Christmas 1967.U/W on the waters of the mekong delta.ambushed at a river crossing.lost some Shipmates.the area became known as the Christmas cross roads.little green boats manned by young sailors.

Posted by: Chief at December 24, 2008 09:19 AM

... Our C-5 Galaxy crew delivered food, medical supplies and water to St. Petersburg (former Leningrad) after Somalia ops were completed (1993).
Delivered a C-5 Galaxy full of freshly cut Christmas trees to Mogadishu Somalia in 1992. Rumor had it a C-5 loadmaster had replaced the pallet of bottled water with ... vodka? The ice tea bottles were filled with Jack Daniels too? The MRE cases had cases of beer in them as well? Imagine that? Col.Pappy Boyington (USMC Black Sheep Sqdn.) taught us well? HO HO HO!!!

Posted by: darthcrUSAderworldtour07 at December 24, 2008 11:55 AM

I had many good Christmas's in the Army. My first Christmas a buddy took me and another guy on 3 day pass to Panama City, Fla from Bragg to have Christmas with his family. It was great.

Two Christmas's in RVN. One Christmas we were entertained at our advisory team by Vietnamese high school girls singing carols. They sang Silent Night in English and it was done well.

The other Christmas in Vietnam, the Province Chief sent our team a delicious looking roasted pig. Our medic looked at it and said it was cooked in the whole. The pig had not been degutted. We did not know what to do with it. We could not bury it because the Vietnamese on the compound would know we did that and word would get back to the PC. Finally we figured out we would donate it to a local orphanage. It worked out for everyone and we cooked our own turkey.

Another Christmas a local family in Pacific Grove, Ca. invited three of us from the Defense Language Institute at Monterey for Christmas dinner. That family was wonderful and became life long friends. This was in 1969 when the antiwar movement had become so strong. And this was in California no less where the movement was supposedly at it's strongest. Yet, I ran across many wonderful people in Calif. who were very friendly towards the military.

Another Christmas I came home on leave and went with my family to Monterrey Mexico. That was a wonderful family outing and Christmas was much slower and less commercial in Mexico.

My last Army Christmas was spent in the VA hospital in Memphis, Tn. Not a great one, but some volunteers spruced it up. They were nice. The VA in those days was no where near as good as it is now.

Hey Chief. I was at Camau in 1967.

Posted by: TomR at December 24, 2008 11:59 AM

Attn Steve Gaston, I'll trade you my Ham & Lima Beans for your pound cake.

Oh and BTW, I was fortunate to have seen Chrissie and Bob Hope that year in Cu Chi.

Thank you Chrissie and a very Merry Christmas to you and Nick.

Posted by: cuchieddie at December 24, 2008 01:54 PM

Over 50 years ago I listened to the old service men talk about war and tried to understand what they were saying, today I hear our young service men and women speak and understand it all too well.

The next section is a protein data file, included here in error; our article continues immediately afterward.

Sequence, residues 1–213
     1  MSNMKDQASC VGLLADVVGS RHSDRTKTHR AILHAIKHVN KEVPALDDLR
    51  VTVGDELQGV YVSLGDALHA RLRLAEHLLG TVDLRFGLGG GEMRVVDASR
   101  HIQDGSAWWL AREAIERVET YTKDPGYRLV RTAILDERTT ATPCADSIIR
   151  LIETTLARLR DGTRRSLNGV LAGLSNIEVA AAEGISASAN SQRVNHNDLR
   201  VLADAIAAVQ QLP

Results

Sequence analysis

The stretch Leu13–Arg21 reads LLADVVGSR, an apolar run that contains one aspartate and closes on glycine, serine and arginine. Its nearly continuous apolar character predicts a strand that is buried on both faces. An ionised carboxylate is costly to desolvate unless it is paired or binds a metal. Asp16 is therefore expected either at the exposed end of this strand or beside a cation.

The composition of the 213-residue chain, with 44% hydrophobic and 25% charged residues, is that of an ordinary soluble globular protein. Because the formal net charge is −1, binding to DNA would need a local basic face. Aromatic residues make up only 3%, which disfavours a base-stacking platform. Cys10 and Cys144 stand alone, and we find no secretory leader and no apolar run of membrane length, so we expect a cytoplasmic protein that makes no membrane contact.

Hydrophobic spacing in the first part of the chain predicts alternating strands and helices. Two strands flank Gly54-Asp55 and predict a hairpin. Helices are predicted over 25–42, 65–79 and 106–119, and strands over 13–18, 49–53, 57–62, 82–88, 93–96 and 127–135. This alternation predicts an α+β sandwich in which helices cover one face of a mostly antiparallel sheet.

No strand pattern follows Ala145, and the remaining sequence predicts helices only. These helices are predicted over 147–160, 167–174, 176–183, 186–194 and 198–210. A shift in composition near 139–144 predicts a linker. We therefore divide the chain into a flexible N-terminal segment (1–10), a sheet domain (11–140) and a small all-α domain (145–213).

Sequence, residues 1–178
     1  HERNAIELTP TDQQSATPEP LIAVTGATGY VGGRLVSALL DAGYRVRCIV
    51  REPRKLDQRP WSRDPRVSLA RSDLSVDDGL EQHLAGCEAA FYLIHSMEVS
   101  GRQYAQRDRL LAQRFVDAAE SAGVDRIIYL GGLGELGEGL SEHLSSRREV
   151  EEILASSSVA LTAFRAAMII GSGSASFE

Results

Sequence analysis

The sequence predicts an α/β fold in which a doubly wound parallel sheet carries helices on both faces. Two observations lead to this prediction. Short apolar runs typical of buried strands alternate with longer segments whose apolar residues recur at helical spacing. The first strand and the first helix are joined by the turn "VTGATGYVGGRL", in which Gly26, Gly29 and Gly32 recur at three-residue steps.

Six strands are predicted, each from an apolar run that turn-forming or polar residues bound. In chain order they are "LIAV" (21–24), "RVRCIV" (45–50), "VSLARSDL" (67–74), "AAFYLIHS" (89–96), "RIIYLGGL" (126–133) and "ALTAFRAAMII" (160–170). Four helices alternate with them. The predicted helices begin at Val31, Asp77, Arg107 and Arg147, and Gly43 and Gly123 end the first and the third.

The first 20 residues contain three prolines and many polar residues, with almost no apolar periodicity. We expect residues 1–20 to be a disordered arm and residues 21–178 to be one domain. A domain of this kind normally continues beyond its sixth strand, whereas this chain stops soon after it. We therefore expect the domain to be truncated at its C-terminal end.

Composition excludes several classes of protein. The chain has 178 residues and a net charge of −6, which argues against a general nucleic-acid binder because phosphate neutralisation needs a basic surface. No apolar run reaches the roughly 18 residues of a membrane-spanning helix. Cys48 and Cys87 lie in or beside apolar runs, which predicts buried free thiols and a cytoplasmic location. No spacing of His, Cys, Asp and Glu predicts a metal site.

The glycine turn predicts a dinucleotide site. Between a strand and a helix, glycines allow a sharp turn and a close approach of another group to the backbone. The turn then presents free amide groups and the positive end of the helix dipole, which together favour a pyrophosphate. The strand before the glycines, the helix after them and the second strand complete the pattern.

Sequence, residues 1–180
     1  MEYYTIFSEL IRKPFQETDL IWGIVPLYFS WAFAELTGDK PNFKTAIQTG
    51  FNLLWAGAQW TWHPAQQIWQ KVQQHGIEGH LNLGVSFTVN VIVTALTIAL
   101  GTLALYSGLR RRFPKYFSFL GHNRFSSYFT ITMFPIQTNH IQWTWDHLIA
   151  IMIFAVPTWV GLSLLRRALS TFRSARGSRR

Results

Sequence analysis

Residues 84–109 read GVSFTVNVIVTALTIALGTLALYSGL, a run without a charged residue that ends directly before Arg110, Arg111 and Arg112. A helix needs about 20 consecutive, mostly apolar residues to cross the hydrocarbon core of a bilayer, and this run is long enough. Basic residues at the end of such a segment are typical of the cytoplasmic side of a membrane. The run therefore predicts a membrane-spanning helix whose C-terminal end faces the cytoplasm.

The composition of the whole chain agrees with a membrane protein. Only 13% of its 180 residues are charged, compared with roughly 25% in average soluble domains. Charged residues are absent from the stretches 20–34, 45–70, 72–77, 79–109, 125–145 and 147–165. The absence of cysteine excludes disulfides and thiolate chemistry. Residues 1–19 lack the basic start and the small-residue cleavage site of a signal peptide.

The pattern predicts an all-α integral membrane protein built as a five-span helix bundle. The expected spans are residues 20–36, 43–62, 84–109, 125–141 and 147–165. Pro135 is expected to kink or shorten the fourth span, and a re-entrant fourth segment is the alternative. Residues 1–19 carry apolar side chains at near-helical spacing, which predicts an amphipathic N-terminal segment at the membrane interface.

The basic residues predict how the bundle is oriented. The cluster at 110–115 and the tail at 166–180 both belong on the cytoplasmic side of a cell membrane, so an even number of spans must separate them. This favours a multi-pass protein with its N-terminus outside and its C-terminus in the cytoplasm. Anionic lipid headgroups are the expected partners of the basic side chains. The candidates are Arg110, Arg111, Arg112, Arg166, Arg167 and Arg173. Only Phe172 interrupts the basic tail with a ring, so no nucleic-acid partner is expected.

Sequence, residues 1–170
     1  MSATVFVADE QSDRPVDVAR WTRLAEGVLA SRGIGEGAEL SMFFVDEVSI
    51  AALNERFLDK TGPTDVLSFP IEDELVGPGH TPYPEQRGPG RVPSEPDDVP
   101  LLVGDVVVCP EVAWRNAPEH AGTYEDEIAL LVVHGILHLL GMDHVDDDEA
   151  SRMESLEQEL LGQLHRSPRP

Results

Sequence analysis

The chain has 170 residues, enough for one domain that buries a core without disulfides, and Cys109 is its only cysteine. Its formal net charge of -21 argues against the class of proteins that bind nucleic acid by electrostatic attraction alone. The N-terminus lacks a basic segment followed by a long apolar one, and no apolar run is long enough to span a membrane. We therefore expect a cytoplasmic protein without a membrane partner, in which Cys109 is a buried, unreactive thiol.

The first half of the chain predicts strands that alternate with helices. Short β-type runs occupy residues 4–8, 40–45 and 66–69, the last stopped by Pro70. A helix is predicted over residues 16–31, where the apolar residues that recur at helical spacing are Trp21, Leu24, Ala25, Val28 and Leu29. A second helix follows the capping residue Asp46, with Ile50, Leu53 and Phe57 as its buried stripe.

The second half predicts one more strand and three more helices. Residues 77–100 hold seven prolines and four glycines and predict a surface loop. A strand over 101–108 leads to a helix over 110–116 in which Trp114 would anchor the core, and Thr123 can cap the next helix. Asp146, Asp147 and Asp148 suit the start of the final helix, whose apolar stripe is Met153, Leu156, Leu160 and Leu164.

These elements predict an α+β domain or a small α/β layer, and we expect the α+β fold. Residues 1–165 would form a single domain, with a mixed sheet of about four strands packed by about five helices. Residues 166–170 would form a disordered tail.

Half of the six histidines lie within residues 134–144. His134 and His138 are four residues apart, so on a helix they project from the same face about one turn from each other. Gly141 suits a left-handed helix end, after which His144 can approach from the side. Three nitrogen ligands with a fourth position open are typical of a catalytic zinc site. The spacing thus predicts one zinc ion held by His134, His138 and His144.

Sorry Steve, some of our brothers were just out of reach, that didn't stop the night and day effort to supply everyone. Yuck,(snicker) try some of that raw mystery meat over a bowl of buggy rice with a raw egg broken over, it a dash of some nước mắm. Was it water buffalo, monkey or dog? Didn't matter, you'll not be picky once your belly button thinks your throat has been cut - everything is yummy, including python over a flame. I never got so hungry that a rice beetle appealed to me though. I think it was the 'crunch' they made when the locals bit into them.
Oh yeah, my wife thought we were singing in the local choir until someone spilled their guts to the local news, my best friend was claymored Christmas eve and spent Christmas Day on a litter at Dong Ha on Christmas day, he was stabilized and evacuated the following day to Japan.

Christmas of '69 for me was a visit by Santa (Sarge) dressed in a red suit, we donated whatever we had to him and it went to the local orphanage, a run to the MASH unit, we then saddled up and made another line haul up QL1- QL9, no greater joy than the looks of welcome when the beans and bullets arrive. Our company cooks fixed up a fantastic Christmas dinner from canned stuff. Most of us had lost 20 - 30 lbs and were always hungry. We moved out within the week for Americal Division where we had a 'real mess hall' at Ky Ha, albeit roast beef for breakfast, dinner and supper for a while. Life was good. Life is good.

Love you guys, God bless you all.

Merry Christmas and a humble thank you.

Posted by: Jack at December 24, 2008 01:56 PM

Thank you Jack and Merry Christmas to you and yours :]

Posted by: cuchieddie at December 24, 2008 03:27 PM

Merry Christmas and a Happy New Year to all you warriors. All my deployed Christmases were a minor peacetime annoyance, compared to the rest of you.

Bless you all, and especially you Chrissie, because you were the one that didn't have to go, but did!

Posted by: Rick at December 24, 2008 06:38 PM

Thank you all so much for sharing it really means a lot to me.

God bless you all.

Love and hugs to each of you.

Posted by: Wild Thing at December 25, 2008 01:03 AM